By Liu Zongyi
In recent years, the geopolitical concept of the “Indo-Pacific” has gained currency. The concept was first developed by Australian scholars and promoted by Americans after the Obama administration put forward the strategic rebalance toward the Asia-Pacific.
Now, more and more scholars and officials from Australia, the US, India, Japan and Indonesia have begun to use this term, fleshing it out from their own perspectives.
The aim of US “Indo-Pacific” geostrategy is to balance and even contain China’s increasing influence in the Asia-Pacific region and the Indian Ocean, with the help of some countries in the region.
For the US and Japan, India is the “linchpin” in the “Indo-Pacific” geostrategic system. Many Indian officials and scholars appreciate this idea. The term “Indo-Pacific” has appeared more than once in Indian official documents. However, the Indian government and scholars have different perspectives from the US and other countries on this point.
On the one hand, India sees the Indian Ocean within its own sphere of influence, with the intervention of other powers forbidden.
China’s increasing cooperation with other Indian Ocean countries rankle on India. It has used this as an excuse to energetically develop its navy.
But at the same time, India knows well that the dominant power in the region is still the US. India is reluctant to play the leading role in the Indian Ocean as the US wants, due to its own limited capabilities.
Since the beginning of the 21st century, the focus of India’s “Look East” policy gradually expanded from economic and cultural fields to strategic and security fields, and from Southeast to Northeast Asia.
In 2011, India interfered with South China Sea disputes by declaring that it would cooperate with Vietnam on oil fields exploitation in this region.
After Prime Minister Narendra Modi took power, the “Look East” policy was developed into an “Act East” policy. India has enhanced its strategic and military cooperation with countries around China, such as Japan, Vietnam and Australia.
But meanwhile, India also hopes to maintain prosperity and stability in the Indo-Pacific region, and benefit from regional economic development.
Modi has promised to give the Indian people a powerful India in a decade, and wants India to become a manufacturing hub.
Therefore, he wants a peaceful and stable periphery that will allow him to concentrate on domestic economic structural reform and infrastructure building.
Modi needs to maintain stable relations with China, Pakistan and other countries, and needs to absorb investment and technologies from countries like China, Japan and Singapore.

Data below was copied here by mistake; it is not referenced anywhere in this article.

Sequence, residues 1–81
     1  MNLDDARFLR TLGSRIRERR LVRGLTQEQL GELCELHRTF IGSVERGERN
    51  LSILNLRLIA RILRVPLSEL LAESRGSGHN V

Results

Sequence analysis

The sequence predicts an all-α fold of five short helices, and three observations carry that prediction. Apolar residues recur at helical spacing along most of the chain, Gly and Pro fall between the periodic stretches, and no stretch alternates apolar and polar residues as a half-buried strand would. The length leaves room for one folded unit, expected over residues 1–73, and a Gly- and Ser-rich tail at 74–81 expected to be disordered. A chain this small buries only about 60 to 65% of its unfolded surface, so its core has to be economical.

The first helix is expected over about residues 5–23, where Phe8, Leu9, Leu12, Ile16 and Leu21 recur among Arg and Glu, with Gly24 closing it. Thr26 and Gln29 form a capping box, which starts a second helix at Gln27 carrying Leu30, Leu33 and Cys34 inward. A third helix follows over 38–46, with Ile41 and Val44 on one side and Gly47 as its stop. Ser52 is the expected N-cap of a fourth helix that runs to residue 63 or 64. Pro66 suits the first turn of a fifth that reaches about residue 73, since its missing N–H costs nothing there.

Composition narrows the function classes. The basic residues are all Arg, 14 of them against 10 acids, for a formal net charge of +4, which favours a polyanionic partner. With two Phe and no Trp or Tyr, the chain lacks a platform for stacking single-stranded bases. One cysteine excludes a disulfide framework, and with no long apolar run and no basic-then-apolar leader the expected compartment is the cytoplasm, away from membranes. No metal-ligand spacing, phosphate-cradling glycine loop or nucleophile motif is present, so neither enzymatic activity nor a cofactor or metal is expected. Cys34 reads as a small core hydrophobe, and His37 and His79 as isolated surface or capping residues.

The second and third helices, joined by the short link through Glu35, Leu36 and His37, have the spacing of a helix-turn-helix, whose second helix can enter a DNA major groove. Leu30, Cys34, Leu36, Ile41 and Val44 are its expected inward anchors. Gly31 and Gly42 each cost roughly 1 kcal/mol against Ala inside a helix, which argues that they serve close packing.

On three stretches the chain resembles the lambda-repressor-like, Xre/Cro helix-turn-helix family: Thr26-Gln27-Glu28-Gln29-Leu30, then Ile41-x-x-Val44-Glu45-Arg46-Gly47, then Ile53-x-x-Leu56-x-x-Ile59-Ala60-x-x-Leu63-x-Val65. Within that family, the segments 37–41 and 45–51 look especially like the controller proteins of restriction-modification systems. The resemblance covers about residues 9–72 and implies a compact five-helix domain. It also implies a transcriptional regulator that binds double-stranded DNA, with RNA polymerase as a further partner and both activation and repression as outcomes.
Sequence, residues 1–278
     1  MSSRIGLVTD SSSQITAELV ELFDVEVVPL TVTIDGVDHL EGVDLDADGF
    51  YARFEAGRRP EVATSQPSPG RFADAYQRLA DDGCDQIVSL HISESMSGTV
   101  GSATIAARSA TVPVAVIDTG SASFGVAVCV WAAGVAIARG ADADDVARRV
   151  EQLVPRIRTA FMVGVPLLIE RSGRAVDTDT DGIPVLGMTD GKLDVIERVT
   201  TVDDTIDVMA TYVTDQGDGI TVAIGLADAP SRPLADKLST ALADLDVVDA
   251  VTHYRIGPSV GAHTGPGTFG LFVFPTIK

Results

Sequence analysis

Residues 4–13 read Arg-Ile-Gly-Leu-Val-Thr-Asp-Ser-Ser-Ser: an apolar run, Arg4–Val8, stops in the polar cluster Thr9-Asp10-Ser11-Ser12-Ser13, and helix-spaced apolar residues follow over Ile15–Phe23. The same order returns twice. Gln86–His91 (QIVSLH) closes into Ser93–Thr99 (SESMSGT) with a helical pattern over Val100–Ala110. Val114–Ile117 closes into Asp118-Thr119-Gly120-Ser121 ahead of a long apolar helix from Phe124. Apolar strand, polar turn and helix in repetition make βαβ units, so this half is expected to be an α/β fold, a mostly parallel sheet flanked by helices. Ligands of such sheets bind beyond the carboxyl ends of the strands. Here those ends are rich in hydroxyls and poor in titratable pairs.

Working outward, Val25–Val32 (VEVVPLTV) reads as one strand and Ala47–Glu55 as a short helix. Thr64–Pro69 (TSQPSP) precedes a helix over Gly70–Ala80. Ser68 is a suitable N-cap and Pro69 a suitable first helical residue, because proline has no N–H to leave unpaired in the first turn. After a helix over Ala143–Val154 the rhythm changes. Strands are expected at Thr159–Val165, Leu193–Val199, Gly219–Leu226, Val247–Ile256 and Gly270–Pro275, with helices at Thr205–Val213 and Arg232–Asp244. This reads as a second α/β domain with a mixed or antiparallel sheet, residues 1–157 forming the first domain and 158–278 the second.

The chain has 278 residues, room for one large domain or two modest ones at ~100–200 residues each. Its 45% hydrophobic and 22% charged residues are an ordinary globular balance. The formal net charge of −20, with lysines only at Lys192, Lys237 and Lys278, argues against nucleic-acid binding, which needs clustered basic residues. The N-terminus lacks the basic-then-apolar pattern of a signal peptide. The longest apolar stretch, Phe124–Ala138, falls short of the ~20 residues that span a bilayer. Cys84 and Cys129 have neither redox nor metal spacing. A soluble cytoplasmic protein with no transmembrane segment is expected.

China has put forward a package of projects to boost the development of its periphery, which includes the Silk Road economic belt, the 21st Century Maritime Silk Road, the Bangladesh-China-India-Myanmar Economic Corridor, and the China-Pakistan Economic Corridor, is in fact a geoeconomic “Indo-Pacific” plan. It will boost the Indo-Pacific region into the “Indo-Pacific Era.”
China hopes to cooperate with all the countries in the region, and expand Northeast Asia’s industrial and financial networks to the Indian Ocean region.
This will create more prosperous Indian Ocean countries. India is interested in this idea to some degree; hence the Indian government’s decision to become a founding member of Asian Infrastructure Investment Bank.
In order to realize the “Indo-Pacific Era,” China and India should overcome both foreign and domestic obstacles.
The foreign obstacles come from some countries’ Indo-Pacific geostrategy that would establish an exclusive political, military and economic alliance from the Pacific Ocean to the Indian Ocean, which would lead to strategic and military competition, and even conflict.
The domestic obstacles are some vested interest groups, especially the Indian defense and strategic industry.
Although Chinese President Xi Jinping‘s visit to India in September was a big success, the effect of border confrontation during the visit on leaders’ conversations is evident.
Furthermore, the Modi government needs to eliminate two misconceptions when developing relations with China. First, India thinks China should make concessions on border disputes because China is facing pressure from the east. Second, India believes China would turn to India for help to digest its excess capacity and huge foreign reserves.
Border issues are the largest obstacle for bilateral relations, but they can only be resolved by mutual understanding and mutual accommodation.
The author is a research fellow of Shanghai Institutes for International Studies and visiting fellow of the Chongyang Institute for Financial Studies, Renmin University of China. email@example.com
Source: Global Times